I missed the High Holidays here in Israel, b/c I was back in the U.S. But I returned just in time for Sukkot. I was excited for this – I’d heard that all the restaurants construct sukkahs outside for their al-fresco dining, sidewalk-cafe style. But I also heard from some people that – at least in secular Tel Aviv – this is really on the decline and not nearly as many establishments do it as used to.
Well, clearly they weren’t talking about the Super Baba! The ‘Baba is my neighborhood supermarket. It used to be an old, classic-style cinema, but as multiplex fever took hold in Israel, it closed and re-opened into a family-owned supermarket. Then – get this! – the family members got in a huge fight and built a wall in the middle of the supermarket, turning it into two Super Babot: Super Baba, and Super Baba 24/7 (even though both are open 24/7). Hilare, only in Israel.
- It’s a bird! It’s a plane! It’s Super Baba / סופר באבא !!!
Anyway, there’s a ton of construction around my area right now. I think they’re laying new sewer pipes or something. It will be nice when it’s over, b/c I really do live in The Best area of all of Tel Aviv (for me, at least), I think. It’s totes like The Upper East Side of Tel Aviv – a little quieter than most areas, a little prettier, too. Except, that within this pretty & quiet ‘hood, the ‘Baba nexus is home to a bunch of new funky cafes and bars – so, even at 3am on a Tuesday, there’s pretty people and action going on for the taking (now, if there were a gay bar, too, we’d really be all set).
Anyway, that’s just background explaining the sukkah pic above. It’s outside the main ‘Baba, and the reason there is dirt all around it is just b/c they’re tearing up the sidewalk right now (they’ve actually laid down a gorgeous new brick one since I took this pic last week). But if you didn’t know that backstory, then this beautiful, family sukkah…well, it just doesn’t look so beautiful or family-style, does it? Not exactly what’s in the Hebrew school text books of North America, right? More, like… a bomb shelter?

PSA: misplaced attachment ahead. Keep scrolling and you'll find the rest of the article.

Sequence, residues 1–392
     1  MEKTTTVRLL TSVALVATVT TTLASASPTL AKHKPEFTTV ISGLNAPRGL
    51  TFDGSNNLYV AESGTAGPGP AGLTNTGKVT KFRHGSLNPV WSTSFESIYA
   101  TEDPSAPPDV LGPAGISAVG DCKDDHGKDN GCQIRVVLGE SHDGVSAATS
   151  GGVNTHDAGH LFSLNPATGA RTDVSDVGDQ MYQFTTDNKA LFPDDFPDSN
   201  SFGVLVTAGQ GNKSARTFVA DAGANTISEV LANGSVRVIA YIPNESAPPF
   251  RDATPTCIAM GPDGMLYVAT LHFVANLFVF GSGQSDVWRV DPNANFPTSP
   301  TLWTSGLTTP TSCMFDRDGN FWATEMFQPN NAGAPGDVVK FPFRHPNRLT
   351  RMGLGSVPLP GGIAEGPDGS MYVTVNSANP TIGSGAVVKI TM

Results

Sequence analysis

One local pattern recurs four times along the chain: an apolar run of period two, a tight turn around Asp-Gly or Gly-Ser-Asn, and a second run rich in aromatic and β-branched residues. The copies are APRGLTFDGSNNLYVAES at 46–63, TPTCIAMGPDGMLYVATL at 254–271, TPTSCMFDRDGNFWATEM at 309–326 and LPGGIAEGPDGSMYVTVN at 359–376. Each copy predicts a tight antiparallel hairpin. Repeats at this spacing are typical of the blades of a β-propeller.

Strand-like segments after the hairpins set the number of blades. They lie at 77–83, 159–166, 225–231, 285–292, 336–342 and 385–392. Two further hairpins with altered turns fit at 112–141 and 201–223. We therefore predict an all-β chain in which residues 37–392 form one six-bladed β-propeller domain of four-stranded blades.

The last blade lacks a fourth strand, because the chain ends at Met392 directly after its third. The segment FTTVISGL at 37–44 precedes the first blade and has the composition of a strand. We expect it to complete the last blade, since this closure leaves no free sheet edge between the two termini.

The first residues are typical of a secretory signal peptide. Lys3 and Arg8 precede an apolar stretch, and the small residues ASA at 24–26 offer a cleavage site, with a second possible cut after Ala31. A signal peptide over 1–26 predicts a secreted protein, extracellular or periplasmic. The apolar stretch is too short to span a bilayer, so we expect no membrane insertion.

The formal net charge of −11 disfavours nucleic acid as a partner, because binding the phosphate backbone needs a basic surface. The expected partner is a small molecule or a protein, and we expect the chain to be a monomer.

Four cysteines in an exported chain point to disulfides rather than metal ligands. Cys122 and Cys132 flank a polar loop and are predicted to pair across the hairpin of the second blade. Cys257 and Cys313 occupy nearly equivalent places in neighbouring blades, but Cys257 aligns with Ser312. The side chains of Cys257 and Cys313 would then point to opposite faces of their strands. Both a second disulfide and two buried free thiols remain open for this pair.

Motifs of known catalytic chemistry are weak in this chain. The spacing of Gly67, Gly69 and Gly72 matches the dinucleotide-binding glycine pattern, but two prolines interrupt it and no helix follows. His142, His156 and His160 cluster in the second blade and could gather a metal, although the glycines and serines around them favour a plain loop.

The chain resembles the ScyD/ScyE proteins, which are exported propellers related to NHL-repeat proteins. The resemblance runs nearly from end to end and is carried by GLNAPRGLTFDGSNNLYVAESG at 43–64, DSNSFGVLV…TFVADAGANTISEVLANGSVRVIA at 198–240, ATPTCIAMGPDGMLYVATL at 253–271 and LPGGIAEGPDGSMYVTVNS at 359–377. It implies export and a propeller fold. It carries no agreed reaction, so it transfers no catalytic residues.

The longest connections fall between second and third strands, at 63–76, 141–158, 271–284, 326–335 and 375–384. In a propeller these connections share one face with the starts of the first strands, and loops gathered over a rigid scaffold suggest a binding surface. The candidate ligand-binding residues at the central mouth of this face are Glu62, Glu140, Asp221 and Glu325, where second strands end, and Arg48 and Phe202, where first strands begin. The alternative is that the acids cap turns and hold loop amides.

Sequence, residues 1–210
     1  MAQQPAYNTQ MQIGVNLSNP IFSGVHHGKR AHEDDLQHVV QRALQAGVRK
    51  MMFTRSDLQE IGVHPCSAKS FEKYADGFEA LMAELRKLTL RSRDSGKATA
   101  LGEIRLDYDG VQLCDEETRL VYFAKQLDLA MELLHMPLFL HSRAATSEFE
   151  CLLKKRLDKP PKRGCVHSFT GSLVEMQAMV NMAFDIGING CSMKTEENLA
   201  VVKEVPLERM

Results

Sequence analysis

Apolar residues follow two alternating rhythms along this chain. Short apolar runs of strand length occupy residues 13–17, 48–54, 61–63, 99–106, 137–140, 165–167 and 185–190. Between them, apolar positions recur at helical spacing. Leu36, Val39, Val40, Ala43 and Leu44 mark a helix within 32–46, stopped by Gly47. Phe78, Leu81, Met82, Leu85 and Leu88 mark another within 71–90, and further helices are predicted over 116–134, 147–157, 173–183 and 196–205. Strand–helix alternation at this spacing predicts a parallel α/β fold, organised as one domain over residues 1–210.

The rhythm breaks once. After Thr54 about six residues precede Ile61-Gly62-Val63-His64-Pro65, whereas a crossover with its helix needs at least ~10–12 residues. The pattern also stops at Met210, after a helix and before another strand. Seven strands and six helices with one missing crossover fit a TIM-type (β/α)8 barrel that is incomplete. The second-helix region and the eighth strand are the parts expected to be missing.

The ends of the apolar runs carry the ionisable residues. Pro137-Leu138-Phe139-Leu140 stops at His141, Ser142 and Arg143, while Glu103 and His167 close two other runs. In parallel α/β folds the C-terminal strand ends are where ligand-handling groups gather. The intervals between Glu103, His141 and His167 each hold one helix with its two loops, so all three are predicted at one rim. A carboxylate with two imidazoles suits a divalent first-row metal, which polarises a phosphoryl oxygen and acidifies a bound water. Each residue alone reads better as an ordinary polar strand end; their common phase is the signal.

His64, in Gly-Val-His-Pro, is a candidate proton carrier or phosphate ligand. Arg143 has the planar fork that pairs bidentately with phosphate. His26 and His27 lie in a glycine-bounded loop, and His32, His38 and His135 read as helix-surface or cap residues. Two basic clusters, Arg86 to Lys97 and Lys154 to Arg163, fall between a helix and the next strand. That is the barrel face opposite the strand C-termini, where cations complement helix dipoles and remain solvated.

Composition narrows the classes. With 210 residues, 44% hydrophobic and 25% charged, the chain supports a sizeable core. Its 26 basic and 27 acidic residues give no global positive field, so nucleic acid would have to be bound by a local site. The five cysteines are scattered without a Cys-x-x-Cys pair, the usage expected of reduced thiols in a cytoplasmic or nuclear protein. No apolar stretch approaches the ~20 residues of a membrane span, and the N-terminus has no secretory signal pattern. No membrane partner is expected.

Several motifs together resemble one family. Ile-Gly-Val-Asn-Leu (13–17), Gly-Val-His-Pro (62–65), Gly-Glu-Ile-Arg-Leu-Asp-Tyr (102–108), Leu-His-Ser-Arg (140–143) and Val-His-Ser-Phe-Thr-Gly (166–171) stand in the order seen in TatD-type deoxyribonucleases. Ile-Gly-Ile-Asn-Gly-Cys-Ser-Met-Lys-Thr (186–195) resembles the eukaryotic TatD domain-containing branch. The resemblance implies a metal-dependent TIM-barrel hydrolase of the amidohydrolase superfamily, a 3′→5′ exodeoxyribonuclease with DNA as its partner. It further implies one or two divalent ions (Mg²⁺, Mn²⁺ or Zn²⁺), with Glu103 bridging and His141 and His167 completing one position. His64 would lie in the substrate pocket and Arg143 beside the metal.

I did pass a more stylin’ one outside a busy cafe on Dizengoff Street last week. And of course I didn’t have my camera with me, and never went back for the shot. The cafe was packed, and you could tell the tables underneath the sukkah were the most sought after ones in the whole place. Man, it was a super cool sight! Along with other sights that impressed me when I first got here – like mezzuzot on every single hotel room doorway in a hotel hallway – a sukkah packed with cosmopolitan, happy families eating sushi and kobe beef under it is the cool, unique, kinda fantasy-like, What if the whole world was Jewish? sight that just makes me appreciate how special it is (for me, at least) to live here. Here’s a not as good shot I grabbed with my BlackBerry camera of another quieter (but still nice) cafe sukkah.
- cafe sukkah at Dizengoff & Yiramyahu – this place has amazing a la mode pancakes
Here’s two shots of a nice sukkah outside someone’s apartment building. One shot is through the mesh window of the inside.
- Probably more charming on the inside. All the urban sukkot I saw are made out of this white plastic tarp material. Canvas would be nicer, I think.
- Let’s go camping!
Actually, I was on the phone with my friend from high school (Helene Bracha; she made Aliyah in 1991). Bracha lives in a religious suburb outside Jerusalem. I spoke with her last week for the first time in a while. She told me that as we spoke, the rest of her large (8 kids!) family was outside chilling in the sukkah. The family made one, and all week the kids have been sleeping in it, and the family has been dining in it. This sounds totes cool, and more like what I remember being taught during my Hebrew school days.
Let’s close with more ‘Baba, yah?
- Charming, right?
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